When I say travelling alone, I don’t necessarily mean spending a week in the South of France entirely on my lonesome sipping on rosè being fancy AF – I mean booking a trip on my own to see my loved one, prepping for it and then after my time there is done, making my way back home. There are many things that I wish I knew the first time, and after having done it twice since, there’s a lot I’ve learned. 

Travelling is a lot of fun though, and I’m a complete control freak and I love organising and making check lists for the getting ready stage and the airport experience. I also really like airports for some reason, my favourite thing is going through Duty Free, boarding the plane and I absolutely love the excitement.

Take as much money as you think you’ll need and then some 

The second time I went, I spent ten whole days in a cute little Air BnB in the central of Lisbon, we reached a point where we realised that the cash I’d brought was running dry and whoops. The third time I took a lot more with me, a whopping £200 extra than last time just coz.


It’s worth upgrading the flight

Obviously if you’re travelling as a family it’ll get expensive so if you’re budgeting don’t worry about this one, but I upgraded my flight the third time to ~executive~ class, which meant I got to pick my seat, I got to fast track through security and I basically had a chance to relax at the airport. It’s a lot busier in August than it is in December since it’s the school holidays and lots of families take the chance to go on holiday too, so the contrast between my travels in December vs August was wiiild. So much busier and much more intimidating.

Take a backpack for the airport

The second time I went I was packing more, my case was bigger and so was my hand luggage, but I opted for a big handbag as my hand luggage which was carrying my laptop and some misc things here and there, which sounds good in theory but the bag was bloody heavy and I had to sit down instead of making the most of the very nice Duty Free in Manchester Airport, so the third time I bought a backpack specifically designed for holding laptops and even though it was still heavy, my right shoulder wasn’t feeling the brunt of it.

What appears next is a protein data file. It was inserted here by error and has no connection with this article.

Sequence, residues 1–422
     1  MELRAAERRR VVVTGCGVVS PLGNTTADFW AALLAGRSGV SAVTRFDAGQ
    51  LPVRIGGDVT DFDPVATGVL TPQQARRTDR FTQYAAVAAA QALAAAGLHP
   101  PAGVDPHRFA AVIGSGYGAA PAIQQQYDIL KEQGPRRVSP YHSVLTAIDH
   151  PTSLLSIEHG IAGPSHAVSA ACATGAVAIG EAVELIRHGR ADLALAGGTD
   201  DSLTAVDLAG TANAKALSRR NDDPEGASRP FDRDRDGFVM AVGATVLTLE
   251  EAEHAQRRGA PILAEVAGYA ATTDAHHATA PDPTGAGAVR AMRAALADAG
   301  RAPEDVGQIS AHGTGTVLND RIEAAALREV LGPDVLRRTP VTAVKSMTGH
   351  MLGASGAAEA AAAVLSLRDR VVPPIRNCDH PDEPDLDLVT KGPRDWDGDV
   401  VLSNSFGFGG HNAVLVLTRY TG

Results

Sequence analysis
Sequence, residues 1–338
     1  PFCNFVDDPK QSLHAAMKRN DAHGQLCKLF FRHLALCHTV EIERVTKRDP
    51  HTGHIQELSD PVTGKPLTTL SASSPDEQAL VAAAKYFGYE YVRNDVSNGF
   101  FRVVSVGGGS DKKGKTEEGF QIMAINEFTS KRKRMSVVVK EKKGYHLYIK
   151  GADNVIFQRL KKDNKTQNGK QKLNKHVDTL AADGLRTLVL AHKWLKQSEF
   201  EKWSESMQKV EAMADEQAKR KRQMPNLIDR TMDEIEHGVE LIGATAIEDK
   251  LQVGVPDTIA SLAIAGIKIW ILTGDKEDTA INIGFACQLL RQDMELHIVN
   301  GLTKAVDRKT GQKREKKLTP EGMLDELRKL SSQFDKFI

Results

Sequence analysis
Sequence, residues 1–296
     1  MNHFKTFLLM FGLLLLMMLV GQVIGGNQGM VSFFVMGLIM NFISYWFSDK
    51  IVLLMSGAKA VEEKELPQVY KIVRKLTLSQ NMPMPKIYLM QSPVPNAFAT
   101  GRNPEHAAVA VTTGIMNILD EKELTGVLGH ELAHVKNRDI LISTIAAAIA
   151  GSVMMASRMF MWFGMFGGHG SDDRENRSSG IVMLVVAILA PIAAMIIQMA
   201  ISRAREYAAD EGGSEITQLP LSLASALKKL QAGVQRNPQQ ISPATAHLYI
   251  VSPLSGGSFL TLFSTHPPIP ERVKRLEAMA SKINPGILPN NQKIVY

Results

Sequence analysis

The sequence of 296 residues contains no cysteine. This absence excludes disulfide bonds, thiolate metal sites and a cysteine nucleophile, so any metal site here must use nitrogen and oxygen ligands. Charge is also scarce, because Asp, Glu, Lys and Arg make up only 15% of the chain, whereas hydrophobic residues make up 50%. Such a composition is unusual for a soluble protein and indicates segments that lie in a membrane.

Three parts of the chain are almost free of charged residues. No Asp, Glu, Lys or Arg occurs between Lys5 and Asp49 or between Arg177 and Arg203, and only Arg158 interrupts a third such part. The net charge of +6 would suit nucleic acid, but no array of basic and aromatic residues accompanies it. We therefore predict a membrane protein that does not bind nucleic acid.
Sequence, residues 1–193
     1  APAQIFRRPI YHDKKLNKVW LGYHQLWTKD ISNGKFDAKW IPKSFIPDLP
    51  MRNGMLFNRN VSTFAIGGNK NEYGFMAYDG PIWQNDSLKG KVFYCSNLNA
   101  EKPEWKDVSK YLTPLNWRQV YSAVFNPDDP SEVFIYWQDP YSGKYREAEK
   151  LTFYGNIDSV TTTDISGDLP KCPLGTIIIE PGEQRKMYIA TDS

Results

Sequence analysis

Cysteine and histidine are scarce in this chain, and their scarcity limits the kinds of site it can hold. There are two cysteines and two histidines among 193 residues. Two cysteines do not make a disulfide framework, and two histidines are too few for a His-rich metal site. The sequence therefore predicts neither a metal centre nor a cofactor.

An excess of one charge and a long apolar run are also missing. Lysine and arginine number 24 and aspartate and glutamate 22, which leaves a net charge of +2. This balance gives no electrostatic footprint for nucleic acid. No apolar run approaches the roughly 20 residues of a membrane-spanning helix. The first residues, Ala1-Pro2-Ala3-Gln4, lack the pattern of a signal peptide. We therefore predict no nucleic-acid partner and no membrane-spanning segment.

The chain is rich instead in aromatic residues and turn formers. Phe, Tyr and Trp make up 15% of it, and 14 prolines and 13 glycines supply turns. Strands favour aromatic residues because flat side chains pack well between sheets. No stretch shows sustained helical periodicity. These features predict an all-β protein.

Plan each day

There’s absolutely nothing wrong with not knowing what you’re going to do, but it does get a little bit annoying when you’re on Google in the morning finding things to do, the second time I visited Lisbon, we had no car so we had to remain pretty central, finding where to go and what to do was a bit more effort, but we managed to fit something into every day. The last time I went, in August, we had a car and we drove around, far away from Lisbon nearly every day. There were only two days where we couldn’t use the car and on those days we just popped into Lisbon.


Find places to eat before you go

Finding somewhere to eat was a massive task all 3 times because I’m a very picky eater, Pedro isn’t so he could find places he’d like to try easily but if the menu had a lack of Georgia-isms, it was a no go. I definitely think that it’s worth planning where you’re going to eat and what you’re going to eat every day, and there’s no rule saying you have to stick to it if you find somewhere else, but just having places and dishes in mind will go a long way.

Find out the best times to leave back for the airport

The day before I went home the first time, we asked a taxi driver how long it’d take from where we were staying to get to Lisbon Airport, this way we could work out the best time to leave the AirBnB for the airport in time, but we ended up finding out I had an extra day there and ended up using his car to take me to the airport, and then the second and last time we used his car too, Lisbon Airport is surprisingly central; I only say it’s surprising though because it’s always 2-3 hours in Spain to get to the airport any time I’ve been there.



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